Trafficking and CONSTITUTIONAL PROTECTIONS

In its constitution, India has been addressing the issue of human trafficking in its various provisions. The chart below provides with the summary of the same.

Provisions On Trafficking In The Constitution Of India

Article 23 “Fundamental Rights precluding trafficking with individuals and types of constrained work”[11]
Article 39(e) “Directive Principle of State Policy coordinated at guaranteeing that wellbeing and quality of people are not mishandled and that nobody is constrained by financial need to accomplish work inadmissible to their age or strength.”[12]
Article 39(f) “Directive Principle of State Policy expressing that adolescence and youth ought to be secured against abuse.”[13]
IMMORAL TRAFFIC PREVENTION ACT, 1956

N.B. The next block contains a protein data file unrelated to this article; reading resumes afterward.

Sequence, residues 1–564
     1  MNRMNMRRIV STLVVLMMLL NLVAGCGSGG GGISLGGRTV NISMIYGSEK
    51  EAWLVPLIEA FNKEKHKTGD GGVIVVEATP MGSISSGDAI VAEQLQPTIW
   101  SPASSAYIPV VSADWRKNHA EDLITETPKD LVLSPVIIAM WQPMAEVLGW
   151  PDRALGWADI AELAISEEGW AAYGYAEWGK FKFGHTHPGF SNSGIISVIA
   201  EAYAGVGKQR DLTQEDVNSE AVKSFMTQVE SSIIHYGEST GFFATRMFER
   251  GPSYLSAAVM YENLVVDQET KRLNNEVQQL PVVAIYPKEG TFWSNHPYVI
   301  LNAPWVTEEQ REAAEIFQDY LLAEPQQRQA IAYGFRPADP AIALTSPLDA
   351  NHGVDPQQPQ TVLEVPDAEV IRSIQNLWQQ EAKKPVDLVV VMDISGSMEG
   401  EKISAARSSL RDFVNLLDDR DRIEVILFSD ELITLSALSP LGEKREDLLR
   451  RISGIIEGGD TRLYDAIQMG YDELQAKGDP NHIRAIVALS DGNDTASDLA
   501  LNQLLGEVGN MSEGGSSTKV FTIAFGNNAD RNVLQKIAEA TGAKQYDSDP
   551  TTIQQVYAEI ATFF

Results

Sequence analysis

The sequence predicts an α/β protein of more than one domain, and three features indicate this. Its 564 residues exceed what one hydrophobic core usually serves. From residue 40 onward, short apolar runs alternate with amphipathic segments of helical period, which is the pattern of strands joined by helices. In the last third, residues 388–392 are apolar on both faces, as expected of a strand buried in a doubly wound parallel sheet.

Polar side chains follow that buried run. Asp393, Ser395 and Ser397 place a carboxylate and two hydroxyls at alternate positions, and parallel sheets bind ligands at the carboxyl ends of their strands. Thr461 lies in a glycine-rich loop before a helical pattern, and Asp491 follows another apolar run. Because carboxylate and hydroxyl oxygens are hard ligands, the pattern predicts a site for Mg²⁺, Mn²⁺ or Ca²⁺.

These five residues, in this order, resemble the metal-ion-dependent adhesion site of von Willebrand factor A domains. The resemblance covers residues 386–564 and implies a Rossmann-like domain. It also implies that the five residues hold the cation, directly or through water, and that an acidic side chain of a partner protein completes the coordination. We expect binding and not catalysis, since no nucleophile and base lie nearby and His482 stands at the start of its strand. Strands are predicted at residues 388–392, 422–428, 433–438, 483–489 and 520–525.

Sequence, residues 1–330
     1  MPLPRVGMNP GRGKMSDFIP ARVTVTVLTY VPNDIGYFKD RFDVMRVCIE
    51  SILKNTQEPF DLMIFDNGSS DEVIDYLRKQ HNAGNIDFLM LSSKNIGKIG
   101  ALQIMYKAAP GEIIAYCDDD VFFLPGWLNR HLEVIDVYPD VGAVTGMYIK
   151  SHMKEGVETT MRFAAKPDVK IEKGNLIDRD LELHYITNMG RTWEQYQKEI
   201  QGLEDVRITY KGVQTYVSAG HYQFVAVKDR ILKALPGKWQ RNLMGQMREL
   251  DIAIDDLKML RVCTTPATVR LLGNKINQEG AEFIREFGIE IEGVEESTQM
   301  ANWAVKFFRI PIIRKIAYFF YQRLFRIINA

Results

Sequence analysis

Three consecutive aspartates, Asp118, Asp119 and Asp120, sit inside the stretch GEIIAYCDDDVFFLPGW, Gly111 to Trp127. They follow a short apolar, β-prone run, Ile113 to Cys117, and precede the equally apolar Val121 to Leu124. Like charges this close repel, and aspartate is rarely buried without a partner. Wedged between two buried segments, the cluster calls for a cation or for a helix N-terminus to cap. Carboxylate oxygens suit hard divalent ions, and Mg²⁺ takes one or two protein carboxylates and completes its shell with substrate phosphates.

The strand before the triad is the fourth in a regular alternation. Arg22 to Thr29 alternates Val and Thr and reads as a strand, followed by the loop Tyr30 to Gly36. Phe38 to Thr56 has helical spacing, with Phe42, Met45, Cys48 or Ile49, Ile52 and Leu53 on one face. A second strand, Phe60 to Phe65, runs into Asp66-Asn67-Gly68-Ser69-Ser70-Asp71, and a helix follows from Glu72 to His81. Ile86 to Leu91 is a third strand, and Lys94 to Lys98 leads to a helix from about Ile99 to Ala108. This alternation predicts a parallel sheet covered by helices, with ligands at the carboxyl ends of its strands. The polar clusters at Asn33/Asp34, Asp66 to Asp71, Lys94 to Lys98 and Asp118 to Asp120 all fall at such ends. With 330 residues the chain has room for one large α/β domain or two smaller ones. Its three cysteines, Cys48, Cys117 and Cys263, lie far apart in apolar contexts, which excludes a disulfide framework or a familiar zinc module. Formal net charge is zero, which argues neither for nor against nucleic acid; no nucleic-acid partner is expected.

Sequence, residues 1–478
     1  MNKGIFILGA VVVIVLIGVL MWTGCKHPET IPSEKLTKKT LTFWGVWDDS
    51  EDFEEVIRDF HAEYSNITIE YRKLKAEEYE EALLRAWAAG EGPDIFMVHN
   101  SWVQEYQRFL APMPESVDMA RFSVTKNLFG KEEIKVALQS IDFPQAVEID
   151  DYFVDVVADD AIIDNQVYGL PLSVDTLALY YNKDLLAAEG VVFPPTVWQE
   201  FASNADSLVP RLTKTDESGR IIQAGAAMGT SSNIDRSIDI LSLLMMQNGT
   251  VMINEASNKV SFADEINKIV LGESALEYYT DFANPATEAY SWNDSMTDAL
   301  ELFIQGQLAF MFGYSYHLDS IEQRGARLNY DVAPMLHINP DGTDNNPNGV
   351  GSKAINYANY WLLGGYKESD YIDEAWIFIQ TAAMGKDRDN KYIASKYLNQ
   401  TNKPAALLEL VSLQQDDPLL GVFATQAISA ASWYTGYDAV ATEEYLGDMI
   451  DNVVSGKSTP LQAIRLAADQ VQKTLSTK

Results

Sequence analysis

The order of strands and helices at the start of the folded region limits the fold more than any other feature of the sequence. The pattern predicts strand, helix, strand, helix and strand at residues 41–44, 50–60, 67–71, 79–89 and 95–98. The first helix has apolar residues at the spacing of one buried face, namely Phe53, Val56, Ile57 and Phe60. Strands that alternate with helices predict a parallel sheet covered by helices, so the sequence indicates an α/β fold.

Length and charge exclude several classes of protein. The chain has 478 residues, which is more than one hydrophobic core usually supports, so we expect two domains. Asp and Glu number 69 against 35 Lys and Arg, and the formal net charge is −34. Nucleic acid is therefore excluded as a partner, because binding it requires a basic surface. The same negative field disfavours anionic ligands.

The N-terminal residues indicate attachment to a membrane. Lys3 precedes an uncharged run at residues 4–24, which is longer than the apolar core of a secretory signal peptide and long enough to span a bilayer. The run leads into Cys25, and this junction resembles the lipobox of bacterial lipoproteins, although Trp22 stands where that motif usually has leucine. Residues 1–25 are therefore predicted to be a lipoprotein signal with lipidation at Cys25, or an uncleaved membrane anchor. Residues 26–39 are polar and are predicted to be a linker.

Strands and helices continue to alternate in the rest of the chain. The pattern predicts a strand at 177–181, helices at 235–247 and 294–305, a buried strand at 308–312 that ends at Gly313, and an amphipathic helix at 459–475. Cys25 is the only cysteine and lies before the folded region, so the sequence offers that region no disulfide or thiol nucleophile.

India’s Immoral Traffic Prevention Act, 1956 is an enactment which exclusively deals with the subject matter of trafficking. Ms Maneka Gandhi, the Minister of Women and Child Development, on July 18, 2018 introduced in Lok Sabha “The Trafficking of Persons (Prevention, Protection and Rehabilitation) Bill, 2018” and it was passed in that House on July 26, 2018. This enactment stirs up problems of trafficking as well as prostitution. It condemns the dealing of women and kids for profit-making sexual misuse.[14]“ The Bill additionally arranges certain reasons for dealing as ‘agravated’ types of dealing. These incorporate trafficking for: (I) constrained work, (ii) bearing kids, (iii) inciting early sexual development by overseeing compound substances or hormones, or (iv) begging.”[15] The punishment that concerns with the issues of aggravated trafficking is much higher than for simple trafficking. Under this act keeping a brothel as well as surviving on the money of prostitution of these women is a liable to be punished. On the other hand, if the dependent is not over eighteen years of age, he/ she shall carry immunity for the same.[16] A segment of the noteworthy components of trafficking isprotected by the Act. For example, inducing persons for the sake of prostitution[17], detain someone in a place where such activities are carried out[18], providing protective homes to the victims [19] etc. On the off chance that an individual is found with a child in a house of ill-repute carrying such activities, there exists a supposition that these youngsters have been held back in that place for the reasons of sexual abuse unless the contrary is proved.[20] The Act also administers provisions for the rehabilitation and rescue of the sufferers. [21]To assure that the victim’s rights are not bugged, it necessitates that there must be two lady police officers available throughout the procedures and added that the cross-examination is finished through a lady police official.[22]